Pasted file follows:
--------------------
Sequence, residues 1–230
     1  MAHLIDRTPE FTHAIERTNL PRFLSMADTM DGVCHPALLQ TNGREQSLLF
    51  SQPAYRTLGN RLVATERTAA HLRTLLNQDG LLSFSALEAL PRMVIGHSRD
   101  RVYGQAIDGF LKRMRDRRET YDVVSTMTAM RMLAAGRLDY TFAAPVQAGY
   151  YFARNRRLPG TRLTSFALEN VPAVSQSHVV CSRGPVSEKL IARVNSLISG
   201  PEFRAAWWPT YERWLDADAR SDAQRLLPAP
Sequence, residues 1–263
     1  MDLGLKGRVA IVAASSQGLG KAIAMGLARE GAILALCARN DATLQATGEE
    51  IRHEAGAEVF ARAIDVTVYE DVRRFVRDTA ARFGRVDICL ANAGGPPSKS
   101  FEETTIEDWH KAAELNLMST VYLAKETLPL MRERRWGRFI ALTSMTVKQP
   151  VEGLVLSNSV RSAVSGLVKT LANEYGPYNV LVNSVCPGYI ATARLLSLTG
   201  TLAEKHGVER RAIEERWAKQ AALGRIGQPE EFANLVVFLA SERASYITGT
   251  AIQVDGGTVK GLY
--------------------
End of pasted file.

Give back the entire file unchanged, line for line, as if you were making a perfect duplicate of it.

Sequence, residues 1–230
     1  MAHLIDRTPE FTHAIERTNL PRFLSMADTM DGVCHPALLQ TNGREQSLLF
    51  SQPAYRTLGN RLVATERTAA HLRTLLNQDG LLSFSALEAL PRMVIGHSRD
   101  RVYGQAIDGF LKRMRDRRET YDVVSTMTAM RMLAAGRLDY TFAAPVQAGY
   151  YFARNRRLPG TRLTSFALEN VPAVSQSHVV CSRGPVSEKL IARVNSLISG
   201  PEFRAAWWPT YERWLDADAR SDAQRLLPAP
Sequence, residues 1–263
     1  MDLGLKGRVA IVAASSQGLG KAIAMGLARE GAILALCARN DATLQATGEE
    51  IRHEAGAEVF ARAIDVTVYE DVRRFVRDTA ARFGRVDICL ANAGGPPSKS
   101  FEETTIEDWH KAAELNLMST VYLAKETLPL MRERRWGRFI ALTSMTVKQP
   151  VEGLVLSNSV RSAVSGLVKT LANEYGPYNV LVNSVCPGYI ATARLLSLTG
   201  TLAEKHGVER RAIEERWAKQ AALGRIGQPE EFANLVVFLA SERASYITGT
   251  AIQVDGGTVK GLY